the waste of faith

Category : God, barbarian, bible, miracles, trust

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Every year my church does a crazy Christmas show.  This is a full out, laser-snow-machine-giant-screen-booming-bass show.  It even has 50 foot tall battle-hardened angels.  In fact, it’s one of the best produced (and written) show’s I’ve ever seen.

But almost every year I hear someone complain that it’s “over the top” or “too expensive”.  Some even wonder “why go to all that trouble?”

I understand their points.  Part of me even agrees with those thoughts.   I don’t know how much money is spent on free coffee, free hot chocolate, free cookies but my guess is over the course of two weeks it probably runs into the tens of thousands of dollars.

Shouldn’t we be better stewards of God’s things?  Doesn’t God want us to cut out the waste?

Frankly, no.

Because what we are doing isn’t wasteful.  It draws somewhere between 25,000 and 30,000 people every year.  That’s a lot of people to connect with God.  Many of them are making that connection for the first time.

All of this has been running through my mind as I’ve been reading the “minor prophets” in the Old Testament.  As I’ve been reading I’ve noticed (for the first time) just how many crazy, outlandish, unnecessary things God calls prophets to do.

He calls Hosea to marry a prostitute.  He had Jonah swallowed by a big fish (although that was more because Jonah wasn’t cooperating than anything else).  He asked Ezekiel to lay on his side for more than a year.

I am sure that some people, even today, would say that those things were a bit ridiculous.  “Come on!  A whale?  Can we really afford something as big as a whale?  What about something more the size of a large tuna?  Or maybe a mackerel?”

That was a problem even with Jesus.  Some people saw his ministry as too extravagant.  Too relaxed.  And so he was labeled a glutton and a drunkard.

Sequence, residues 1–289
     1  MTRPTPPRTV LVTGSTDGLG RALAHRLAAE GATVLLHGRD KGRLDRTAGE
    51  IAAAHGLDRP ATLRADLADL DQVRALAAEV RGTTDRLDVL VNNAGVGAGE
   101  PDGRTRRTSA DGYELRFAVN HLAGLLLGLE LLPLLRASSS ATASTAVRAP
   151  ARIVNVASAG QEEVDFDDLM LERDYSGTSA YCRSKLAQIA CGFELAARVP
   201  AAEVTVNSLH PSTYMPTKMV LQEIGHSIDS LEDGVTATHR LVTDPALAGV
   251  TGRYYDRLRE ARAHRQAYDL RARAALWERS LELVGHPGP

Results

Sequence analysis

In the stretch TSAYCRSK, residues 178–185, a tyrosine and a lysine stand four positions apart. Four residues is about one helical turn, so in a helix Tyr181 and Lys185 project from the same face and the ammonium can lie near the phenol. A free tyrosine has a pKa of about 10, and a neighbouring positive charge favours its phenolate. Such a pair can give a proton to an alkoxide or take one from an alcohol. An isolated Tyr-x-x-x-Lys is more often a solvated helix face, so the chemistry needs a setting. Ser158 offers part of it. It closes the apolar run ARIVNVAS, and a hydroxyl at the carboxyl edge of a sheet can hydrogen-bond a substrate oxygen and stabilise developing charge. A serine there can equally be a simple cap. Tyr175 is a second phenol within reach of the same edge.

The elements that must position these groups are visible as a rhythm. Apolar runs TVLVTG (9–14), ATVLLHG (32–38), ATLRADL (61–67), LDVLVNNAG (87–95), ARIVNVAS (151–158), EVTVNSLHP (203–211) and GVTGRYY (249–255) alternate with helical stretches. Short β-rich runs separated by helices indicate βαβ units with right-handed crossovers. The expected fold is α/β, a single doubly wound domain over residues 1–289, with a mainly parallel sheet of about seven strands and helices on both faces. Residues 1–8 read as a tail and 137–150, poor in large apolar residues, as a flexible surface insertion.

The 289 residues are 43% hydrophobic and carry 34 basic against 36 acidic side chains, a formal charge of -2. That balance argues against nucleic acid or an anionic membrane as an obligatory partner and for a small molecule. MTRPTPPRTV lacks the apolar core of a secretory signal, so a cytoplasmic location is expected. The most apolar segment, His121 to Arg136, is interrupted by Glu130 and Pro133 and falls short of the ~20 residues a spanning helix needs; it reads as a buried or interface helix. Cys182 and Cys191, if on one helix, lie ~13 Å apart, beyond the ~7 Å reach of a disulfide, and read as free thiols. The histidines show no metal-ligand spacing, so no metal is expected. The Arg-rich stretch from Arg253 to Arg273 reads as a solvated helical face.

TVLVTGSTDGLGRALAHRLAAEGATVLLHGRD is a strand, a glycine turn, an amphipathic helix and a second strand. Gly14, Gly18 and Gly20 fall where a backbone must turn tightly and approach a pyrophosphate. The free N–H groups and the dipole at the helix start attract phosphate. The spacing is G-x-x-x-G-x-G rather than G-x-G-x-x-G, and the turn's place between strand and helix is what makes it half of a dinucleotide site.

You know why these aren’t unnecessary?  Because God is willing to do anything, short of sin, to bring us into a relationship with him.  He asked these prophets to do these crazy things so that their actions would cut through the cultural noise of their days.  Sometimes the way to get someone’s attention is to go bigger, louder, and badder.  And sometimes

Do you really think God has suddenly stopped trying to connect with us in any way possible?

Now I’m obviously not advocating waste.  But I am advocating crazy generosity.  I just hope God doesn’t ask me to shave my head.

God asks us to do hard things

Category : God, barbarian, bible, choice, different, taking action

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Never think that God won’t ask you to do something hard.

In fact, that seems to be God’s favorite thing to do.  He never seems to say, “You know what, if you go on vacation to this exclusive resort, that will really get the people believing in me!”

Instead he says things like “love your enemies” and “turn the other cheek”.  Or if you are like Hosea, he tells you to marry a prostitute.

Ouch.

A while back I wrote that God never gives us more than we can handle.  It’s one of the most popular posts on R3.  People have a hard time understanding why a “loving God” gives us hard things to do.  We don’t really want a God; we want a super powerful Santa Claus.  But taking an easy path in life isn’t always the best way to go about living.  I think God knows this.  He knows that sometimes the most growth happens when we have to struggle.  He knows that some people will be held in bondage unless we act.  He knows that evil won’t stop, just because we don’t want to get involved.

Sometimes the only way to advance the Kingdom is to push.

The more I struggle to understand what it means to be a parent, the more I realize just what God goes through.  When I look at my own parents I realize they held me to high expectations, not because they were being “controlling” or “demanding” but because they knew I had more potential in me then even I realized.

We don’t really want a God; we want a super powerful Santa Claus.

It’s the same with God.  He knows how much we can grow.  How much we can handle.  And sometimes to bring out our full potential, we need to work really hard.

There are things more important to God than giving us an easy life.

This is clearly seen in the Bible.  God has always been more interested in our relationship with him than in our sacrifices (for Jews) or following a bunch of rules (for Christians).  But we can’t seem to get that through our heads.  We keep trying “harder” to please God, when that misses the whole point.

When God gives us something hard to do (like telling Hosea to marry a prostitute) we change not just ourselves, but the world.

You can’t find a story in the Bible where something amazing wasn’t experienced when hard tasks were done.  You can’t find a friend who has been obedient to God, who hasn’t grown.  You can’t find lives changed when we, as Christians, do the hard thing.

What else can you make that claim about?

So when God comes to you and says, “I have something hard for you to do.”  Don’t fight him.  Instead, say, “how can I do it?”  And then go and do it.